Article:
Skip to content


Kishan Lal Vs. Lal Ram Chander - Court Judgment

LegalCrystal Citation
SubjectProperty;Civil
CourtAllahabad High Court
Decided On
Case NumberSecond Appeal No. 1668 of 1947
Judge
Reported inAIR1952All634
ActsTransfer of Property Act, 1882 - Sections 107 and 116
AppellantKishan Lal
RespondentLal Ram Chander
Appellant AdvocateN.C. Vaish, Adv.
Respondent AdvocateB.L. Gupta, Adv.
DispositionAppeal dismissed
Excerpt:
property - lease - section 116 of transfer of property act, 1882 - unregistered lease for shop for manufacturing process for one year on monthly rent - held, tenancy for month to month for holding over not from year to year. - .....bam chander, plff. resp. his case was that the deft., kishan lal, had taken the shop from him on a monthly rent of rs. 11 on 24 5-1938. the plff. gave notice to kishan lal in march, 1945, to vacate this shop on 23-3-1945. the deft, did not vacate the shop & consequently a suit for ejectment was brought.2. the main defence of the deft., with which i am now concerned in this second appeal, is that the notice was invalid inasmuch as he should have been given six months' notice as required under section 106, t. p. act, as the shop wa3 given to him for manufacturing purposes.3. the lease, in this case, was created by a document executed by the parties on 24-51938. by this document, kishan lal was to remain in possession of the shop for one year from that date & was to metal a flour mill.....
Judgment:

Wanchoo, J.

1. This is a second appeal by Kishan Lal who was a deft, in a suit for ejectment from a shop in which a flour mill used to be worked by him. The suit was brought by Bam Chander, plff. resp. His case was that the deft., Kishan Lal, had taken the shop from him on a monthly rent of Rs. 11 on 24 5-1938. The plff. gave notice to Kishan Lal in March, 1945, to vacate this shop on 23-3-1945. The deft, did not vacate the shop & consequently a suit for ejectment was brought.

2. The main defence of the deft., with which I am now concerned in this second appeal, is that the notice was invalid inasmuch as he should have been given six months' notice as required under Section 106, T. P. Act, as the shop wa3 given to him for manufacturing purposes.

3. The lease, in this case, was created by a document executed by the parties on 24-51938. By this document, Kishan Lal was to remain in possession of the shop for one year from that date & was to metal a flour mill therein on payment of Rs. 11 every month as rent. After the year was over, Kishan Lal continued to hold over till notice to quit was given to him in March, 1945. Both the Courts below have held that the purpose for which the shop was taken was a manufacturing purpose. The trial Court was, however, of the view that, as such, six months' notice was necessary, while the lower appellate Court took the view that fifteen days' notice was sufficient as, after the period of lease was over, Kishan Lal must be deemed to be holding over as a tenant from month to month.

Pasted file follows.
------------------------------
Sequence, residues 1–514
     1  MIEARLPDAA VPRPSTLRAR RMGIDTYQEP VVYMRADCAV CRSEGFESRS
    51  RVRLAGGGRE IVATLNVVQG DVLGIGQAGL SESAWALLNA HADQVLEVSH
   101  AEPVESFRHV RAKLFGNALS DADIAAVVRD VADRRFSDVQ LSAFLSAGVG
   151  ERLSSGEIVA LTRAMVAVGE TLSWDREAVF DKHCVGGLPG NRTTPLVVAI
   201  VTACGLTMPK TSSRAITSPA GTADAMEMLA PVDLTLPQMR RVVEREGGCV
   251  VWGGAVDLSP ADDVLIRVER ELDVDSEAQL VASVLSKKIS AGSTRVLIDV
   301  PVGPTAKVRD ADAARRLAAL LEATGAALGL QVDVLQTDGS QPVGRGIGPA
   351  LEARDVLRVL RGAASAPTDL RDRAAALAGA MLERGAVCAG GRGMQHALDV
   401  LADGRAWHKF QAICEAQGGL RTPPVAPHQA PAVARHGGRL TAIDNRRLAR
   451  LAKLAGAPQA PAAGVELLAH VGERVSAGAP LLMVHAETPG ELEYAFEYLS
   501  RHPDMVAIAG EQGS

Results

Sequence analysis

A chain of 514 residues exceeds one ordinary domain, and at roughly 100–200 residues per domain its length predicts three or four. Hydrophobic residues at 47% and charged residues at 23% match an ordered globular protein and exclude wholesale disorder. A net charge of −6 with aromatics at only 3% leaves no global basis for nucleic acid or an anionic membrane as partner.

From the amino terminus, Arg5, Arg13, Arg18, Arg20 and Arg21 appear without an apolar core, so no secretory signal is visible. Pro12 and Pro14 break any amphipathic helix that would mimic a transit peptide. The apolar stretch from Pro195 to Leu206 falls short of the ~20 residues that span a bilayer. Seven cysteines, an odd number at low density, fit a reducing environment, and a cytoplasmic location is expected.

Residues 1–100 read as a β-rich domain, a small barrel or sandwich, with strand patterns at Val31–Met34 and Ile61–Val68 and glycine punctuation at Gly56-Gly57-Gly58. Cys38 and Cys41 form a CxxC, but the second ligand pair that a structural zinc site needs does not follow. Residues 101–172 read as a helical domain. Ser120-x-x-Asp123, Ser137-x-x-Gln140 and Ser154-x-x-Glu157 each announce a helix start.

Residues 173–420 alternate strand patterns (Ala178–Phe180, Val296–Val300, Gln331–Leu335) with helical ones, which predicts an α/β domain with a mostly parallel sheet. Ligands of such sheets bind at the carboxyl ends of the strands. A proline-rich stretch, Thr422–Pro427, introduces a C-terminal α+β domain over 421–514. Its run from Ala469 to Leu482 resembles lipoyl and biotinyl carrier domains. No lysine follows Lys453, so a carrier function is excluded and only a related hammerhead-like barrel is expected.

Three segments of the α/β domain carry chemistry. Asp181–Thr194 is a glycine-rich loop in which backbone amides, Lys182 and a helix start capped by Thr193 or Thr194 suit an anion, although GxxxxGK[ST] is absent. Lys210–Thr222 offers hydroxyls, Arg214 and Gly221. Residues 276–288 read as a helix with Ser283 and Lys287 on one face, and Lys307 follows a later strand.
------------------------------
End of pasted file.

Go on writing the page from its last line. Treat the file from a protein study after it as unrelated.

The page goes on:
4. The only point that requires consideration is the nature of the holding over by Kishan Lal. In this connection, reference may be made to Section 107, T. P. Act, which provides that a lease from year to year must be by registered document. If the holding over, in this case, were to be treated as one from year to year, it will mean that the parties will, successfully, be able to evade the provisions of Section 107, T. P. Act which requires that leases from year to year must be by registered instruments. It seems to me, therefore, that when a person holds over, after an unregistered lease of this kind for one year, which fixes only monthly rent, the holding over cannot be from year to year as that would amount to negativing the provisions of Section 107. Further considering that the rent, in this case, was reserved from month to month & became payable after the holding over from month to month, the proper construction to be put on thenature of this holding over must be that it was a monthly tenancy which came into existence after the year was over. It would have been a different matter if the document of 24-5-1938 had been a registered document. In that case, the provisions of Section 107 would have been complied with & the holding over could only be from year to year considering the nature of the document itself. But when the document is not registered, it would, in my opinion, be going against the provisions of Section 107, T. P. Act to hold that the holding over was from year to year &, therefore, six months' notice was necessary.

5. I, therefore, agree with the Court below that after the first year, the tenancy must be held to be from month to month, so far as the period of holding over is concerned &, therefore, the notice given in this case was sufficient. There is no other point raised in this appeal & it is, hereby, dismissed with costs to the plff.-respondent.

6. Leave to file an appeal under the Letters Patent is asked for & granted.


Save Judgments// Add Notes // Store Search Result sets // Organizer Client Files //